This relationship began fortuitously when A&P took over the Times Square billboard that housed a Guys & Dolls ad when that show was running on Broadway a few years ago.  A&P wanted to use the billboard to advertise its 8:00 Coffee, and How to Succeed featured a song called “Coffee Break.”  Margery made the connection and negotiated a promotional arrangement that involved getting the show’s name on the billboard in exchange for showing the 8:00 Coffee logo on the blimp that is featured in the show.  Normally, Margery does not offer her promotional partners such actual product placement in a show, but in this situation the “signage” did not compromise the artistic integrity of the show.  The King and I was featured on the billboard, and now her current Broadway project, High Society, is featured.

In addition to discussing ideas with her usual promotional partners, Margery approaches new potential partners for each show she promotes.  She explained that she looks at the New York Times every day and scours magazines to determine what companies are spending the most advertising dollars, because those are the companies that will be amenable to including her show in their advertising when they develop a cross-promotional campaign, and they are the companies that will give her show the most exposure.  Then, she discerns what products might be a good match for her new show.  For example, she will be approaching sneaker companies for promotional tie-ins for Footloose, and for Once Upon a Mattress she developed a promotion with Dial-A-Mattress.

As mentioned above, if the reviews for a show are mixed or negative, the affect they have on the box office can be minimized by a preplanned marketing campaign.  By the time the reviews for High Society came out, which were mixed with a negative review in the New York Times, Margery had already set up a High Society contest with People magazine and Time Warner Cable wherein the winner will win a luxurious vacation in Paris.  High Society will thus be prominently featured in People and on a cable commercial without paying a penny in advertising fees.  Margery also arranged to have the display windows at Saks Fifth Avenue dressed as a High Society promotion. Priceless!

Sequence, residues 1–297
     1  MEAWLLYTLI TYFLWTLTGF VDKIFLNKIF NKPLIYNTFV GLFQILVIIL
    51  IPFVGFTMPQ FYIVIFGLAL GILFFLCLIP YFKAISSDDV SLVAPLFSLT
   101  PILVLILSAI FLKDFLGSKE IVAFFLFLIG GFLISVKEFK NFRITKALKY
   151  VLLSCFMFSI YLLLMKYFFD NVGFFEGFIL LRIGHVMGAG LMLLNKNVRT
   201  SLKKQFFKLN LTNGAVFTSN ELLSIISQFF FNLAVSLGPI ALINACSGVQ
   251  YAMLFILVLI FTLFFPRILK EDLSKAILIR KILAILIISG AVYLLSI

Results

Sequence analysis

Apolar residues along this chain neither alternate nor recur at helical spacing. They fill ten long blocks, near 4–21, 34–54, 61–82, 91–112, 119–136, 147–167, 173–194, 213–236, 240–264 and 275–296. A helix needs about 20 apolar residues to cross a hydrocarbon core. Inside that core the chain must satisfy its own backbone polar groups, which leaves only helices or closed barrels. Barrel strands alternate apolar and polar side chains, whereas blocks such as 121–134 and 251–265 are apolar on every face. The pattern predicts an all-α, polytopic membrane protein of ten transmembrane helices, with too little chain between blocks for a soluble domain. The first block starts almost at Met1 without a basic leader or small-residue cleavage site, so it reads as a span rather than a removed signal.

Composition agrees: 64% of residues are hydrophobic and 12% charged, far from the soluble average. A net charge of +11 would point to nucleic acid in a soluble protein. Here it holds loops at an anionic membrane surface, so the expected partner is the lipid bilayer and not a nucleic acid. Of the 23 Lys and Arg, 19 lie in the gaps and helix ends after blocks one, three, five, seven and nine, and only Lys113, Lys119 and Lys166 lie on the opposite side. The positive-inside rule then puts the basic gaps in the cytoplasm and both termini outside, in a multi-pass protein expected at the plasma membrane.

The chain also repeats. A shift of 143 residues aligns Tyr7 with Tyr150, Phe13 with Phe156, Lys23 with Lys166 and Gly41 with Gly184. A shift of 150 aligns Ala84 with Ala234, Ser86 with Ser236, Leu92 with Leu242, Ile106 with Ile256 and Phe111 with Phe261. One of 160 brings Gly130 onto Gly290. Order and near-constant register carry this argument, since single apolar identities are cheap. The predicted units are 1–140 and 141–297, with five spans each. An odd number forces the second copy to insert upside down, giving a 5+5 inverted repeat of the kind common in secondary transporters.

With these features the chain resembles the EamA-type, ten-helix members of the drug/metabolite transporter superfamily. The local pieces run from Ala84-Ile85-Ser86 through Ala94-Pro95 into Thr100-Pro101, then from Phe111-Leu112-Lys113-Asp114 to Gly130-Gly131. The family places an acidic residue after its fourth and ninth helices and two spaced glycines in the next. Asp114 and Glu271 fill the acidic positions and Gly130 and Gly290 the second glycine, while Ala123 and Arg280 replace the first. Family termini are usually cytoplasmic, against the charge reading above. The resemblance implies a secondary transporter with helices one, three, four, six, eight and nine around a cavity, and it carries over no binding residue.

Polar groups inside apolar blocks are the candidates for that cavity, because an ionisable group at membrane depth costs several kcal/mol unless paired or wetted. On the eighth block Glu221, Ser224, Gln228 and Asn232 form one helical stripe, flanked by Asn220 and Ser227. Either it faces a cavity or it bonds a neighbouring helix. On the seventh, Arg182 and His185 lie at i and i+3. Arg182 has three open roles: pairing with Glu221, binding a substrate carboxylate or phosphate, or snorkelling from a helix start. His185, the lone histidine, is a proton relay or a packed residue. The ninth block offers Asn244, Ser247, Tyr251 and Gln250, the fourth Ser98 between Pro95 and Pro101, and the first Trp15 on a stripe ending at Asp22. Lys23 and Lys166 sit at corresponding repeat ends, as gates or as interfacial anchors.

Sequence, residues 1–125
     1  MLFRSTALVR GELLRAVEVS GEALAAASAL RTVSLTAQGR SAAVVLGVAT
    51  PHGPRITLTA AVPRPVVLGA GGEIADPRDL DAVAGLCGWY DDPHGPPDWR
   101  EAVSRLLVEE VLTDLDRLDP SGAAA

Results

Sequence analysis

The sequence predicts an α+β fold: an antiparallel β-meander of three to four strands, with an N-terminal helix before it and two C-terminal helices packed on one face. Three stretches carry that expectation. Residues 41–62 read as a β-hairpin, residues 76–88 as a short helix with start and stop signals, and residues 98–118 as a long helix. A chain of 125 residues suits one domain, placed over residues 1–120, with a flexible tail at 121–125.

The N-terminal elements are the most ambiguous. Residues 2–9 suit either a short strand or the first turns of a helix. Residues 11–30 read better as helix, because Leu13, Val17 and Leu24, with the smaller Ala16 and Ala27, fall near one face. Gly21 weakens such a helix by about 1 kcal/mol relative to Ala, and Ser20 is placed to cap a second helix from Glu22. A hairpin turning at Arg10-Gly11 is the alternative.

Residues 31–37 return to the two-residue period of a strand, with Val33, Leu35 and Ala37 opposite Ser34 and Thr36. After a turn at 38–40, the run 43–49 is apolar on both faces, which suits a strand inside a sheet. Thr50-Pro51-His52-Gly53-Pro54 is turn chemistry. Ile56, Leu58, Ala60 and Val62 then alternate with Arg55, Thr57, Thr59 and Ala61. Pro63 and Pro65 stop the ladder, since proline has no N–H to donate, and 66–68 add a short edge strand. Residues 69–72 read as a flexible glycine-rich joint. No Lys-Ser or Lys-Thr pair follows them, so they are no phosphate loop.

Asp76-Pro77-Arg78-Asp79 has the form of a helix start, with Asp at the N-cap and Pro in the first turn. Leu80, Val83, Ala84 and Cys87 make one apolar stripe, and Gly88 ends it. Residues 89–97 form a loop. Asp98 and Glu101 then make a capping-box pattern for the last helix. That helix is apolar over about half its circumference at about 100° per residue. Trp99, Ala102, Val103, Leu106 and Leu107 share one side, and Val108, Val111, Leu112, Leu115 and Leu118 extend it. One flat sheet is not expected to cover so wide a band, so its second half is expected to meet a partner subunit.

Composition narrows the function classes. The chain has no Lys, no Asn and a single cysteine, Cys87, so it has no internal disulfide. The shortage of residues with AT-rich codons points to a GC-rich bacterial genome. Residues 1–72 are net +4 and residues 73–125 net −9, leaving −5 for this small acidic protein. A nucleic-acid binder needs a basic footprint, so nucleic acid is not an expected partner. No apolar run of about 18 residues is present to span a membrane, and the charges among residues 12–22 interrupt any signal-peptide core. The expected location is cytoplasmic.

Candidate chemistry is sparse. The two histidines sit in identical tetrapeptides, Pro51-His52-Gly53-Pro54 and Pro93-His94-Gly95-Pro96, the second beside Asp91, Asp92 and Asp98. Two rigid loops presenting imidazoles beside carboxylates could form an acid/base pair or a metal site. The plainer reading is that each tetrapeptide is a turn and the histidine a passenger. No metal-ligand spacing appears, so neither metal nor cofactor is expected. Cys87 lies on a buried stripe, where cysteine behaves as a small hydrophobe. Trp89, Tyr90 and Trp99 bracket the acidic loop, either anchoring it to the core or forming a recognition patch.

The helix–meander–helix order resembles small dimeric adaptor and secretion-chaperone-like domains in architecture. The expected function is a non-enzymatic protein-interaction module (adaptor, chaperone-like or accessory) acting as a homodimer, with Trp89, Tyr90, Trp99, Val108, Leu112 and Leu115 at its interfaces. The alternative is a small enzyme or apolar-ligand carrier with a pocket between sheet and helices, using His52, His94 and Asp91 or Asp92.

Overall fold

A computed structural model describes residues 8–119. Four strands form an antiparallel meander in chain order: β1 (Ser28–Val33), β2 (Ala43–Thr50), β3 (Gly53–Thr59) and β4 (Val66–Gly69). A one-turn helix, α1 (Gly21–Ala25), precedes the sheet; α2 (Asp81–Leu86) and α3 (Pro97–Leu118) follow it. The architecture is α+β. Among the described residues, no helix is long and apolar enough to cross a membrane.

Margery recommends being both persistent and discriminating in setting up your promotional campaign.  6 to 8 weeks before you would like to hold a promotional event or contest with a promotional partner, call that company and make sure you find out who the correct person is to approach about a promotional idea.  Either call that person right away or send them a letter regarding your idea, and follow the letter up with a phone call.  Also, limit your efforts to finding promotional partners whose customers have something in common with your potential audience, and who you know spend advertising dollars.  Margery has already decided that she is going to choose only one promotional partner to offer discount tickets to Footloose, so she can offer valuable exclusivity to that partner.  She is also going to focus on radio promotion for that show, so the New Yorkers who listen to popular radio on their way to work and on their way home know they can hear the songs they love from Footloose live on stage.

When you are setting up your promotional campaign for your show and getting ready to approach potential partners, Margery suggested, ask yourself what the objectives are of those potential partners, so you can structure your ideas around their objectives.  Supermarkets and department stores want people to come into their stores, soft drinks and snacks want people to sample their products, and radio stations want listeners who will not stray across the dial.  Your objective is to sell tickets and get people to start talking about your show.

That’s show biz

Bruce Lazarus the former Director of Business and Legal Affairs for Walt Disney Theatrical Productions and producer of the current off-Broadway show Shakespeare's "R&J."